Driving Branch Performance through Customer Satisfaction Research: How Wachovia Bank Uses Customer Feedback to Improve Service Delivery and Customer Retention

By Beck, Karen | The Journal of Lending & Credit Risk Management, August 1998 | Go to article overview

Driving Branch Performance through Customer Satisfaction Research: How Wachovia Bank Uses Customer Feedback to Improve Service Delivery and Customer Retention


Beck, Karen, The Journal of Lending & Credit Risk Management


How Wachovia Bank Uses Customer Feedback to Improve Service Delivery and Customer Retention

Wachovia Bank, a 119-year-old institution with more than 750 offices in Georgia, North Carolina, South Carolina, and Virginia, wanted to enhance its customer service efforts through a more proactive approach to customer satisfaction.

In the past, the bank had conducted satisfaction research through mail-in surveys and had used mystery shoppers to monitor branch performance, but wanted to increase the level of detail and the amount of feedback provided to all of its branches. The bank also wanted more timely feedback and the ability to respond to any customer problems almost immediately.

The bank's new objective was to use one-to-one, telephone-based dialogue with its customers to drive the quality of service delivery and, in turn, improve customer satisfaction and retention. One-to-one dialogue would have the added advantage of increasing personal contact with customers and increasing the depth of feedback. The effort would involve measuring customer satisfaction evenly and systematically at 450 of its 750 offices. However, beyond measuring customer satisfaction, Wachovia's goals were to use the data gathered from its telephone-based program to drive its performance incentive program.

Working with Sky Alland Marketing, Wachovia launched its dialogue-based program in February 1998. That program, which is continuing today and is now concluding its second three-month interval, was designed to contact Wachovia customers who have had recent interactions at the bank's branches, ask them about the quality of service they received, and alert the branches to any issues requiring follow-up. Using a random sample from each branch, the callers contacted 4,000 customers each month during the initial three-month period, capturing ongoing feedback from customers about the quality of their recent interactions with branch personnel.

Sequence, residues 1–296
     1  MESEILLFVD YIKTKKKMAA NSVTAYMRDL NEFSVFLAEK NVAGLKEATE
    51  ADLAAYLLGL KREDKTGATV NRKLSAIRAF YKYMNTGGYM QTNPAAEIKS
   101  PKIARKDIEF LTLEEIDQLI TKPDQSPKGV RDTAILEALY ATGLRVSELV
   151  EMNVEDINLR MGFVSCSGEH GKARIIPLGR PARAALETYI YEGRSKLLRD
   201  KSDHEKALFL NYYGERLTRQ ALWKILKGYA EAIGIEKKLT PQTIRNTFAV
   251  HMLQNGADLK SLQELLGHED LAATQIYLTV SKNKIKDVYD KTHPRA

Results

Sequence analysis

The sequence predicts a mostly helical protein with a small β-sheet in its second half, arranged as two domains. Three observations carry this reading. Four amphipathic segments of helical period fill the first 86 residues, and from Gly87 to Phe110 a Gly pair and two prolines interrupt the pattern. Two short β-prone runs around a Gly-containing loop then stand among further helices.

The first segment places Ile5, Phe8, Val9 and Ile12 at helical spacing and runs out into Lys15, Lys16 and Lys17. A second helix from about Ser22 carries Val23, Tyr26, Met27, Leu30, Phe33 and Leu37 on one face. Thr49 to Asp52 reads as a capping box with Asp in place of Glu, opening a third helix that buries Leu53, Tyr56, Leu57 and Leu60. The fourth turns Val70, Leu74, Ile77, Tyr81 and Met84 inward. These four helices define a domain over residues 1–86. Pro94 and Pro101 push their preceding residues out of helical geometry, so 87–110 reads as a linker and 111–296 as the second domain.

Program Design

An average of 15 customer relations associates at the marketing firm's call center are devoted to contacting Wachovia customers in Georgia, North Carolina, and South Carolina who have had recent interactions at a branch - inside or at the drive-through - or who have opened an account.

Among other things, customers are asked to rate:

* The ability of the branch to conduct their business quickly and efficiently.

* The courtesy of branch staff (including tellers, customer service representatives and personal bankers).

* The staff's knowledge of products and services.

* Overall satisfaction with the branch.

* How they feel about Wachovia.

* Whether they would recommend the bank to others.

Throughout the conversation, the caller allows for and records open-ended comments. The open-ended comments provide Wachovia with feedback on any issue that affects customer satisfaction, such as line waits, employee performance, and fees and bank policies. Feedback can also include praise for good service.

Examples of comments include:

* "Whenever there's a discrepancy, branch employees always do the right thing in favor of the customer."

* "There is a line sometimes. Branch should hire some more employees."

* "Customer is concerned because he has overdraft protection and was charged for bouncing a check. The personal banker did resolve this problem."

* "Everyone is very friendly and nice. The customer appreciates that the staff knows her by name."

Alerts and Follow-Up

An alert process built into the program notifies Wachovia of any customer feedback requiring follow-up. When a customer responds to any question negatively (with a rating of three or below on a scale of one to seven), the marketing firm faxes an alert directly to the affected branch and area management. The customer is asked whether he or she wants a follow-up call from Wachovia. …

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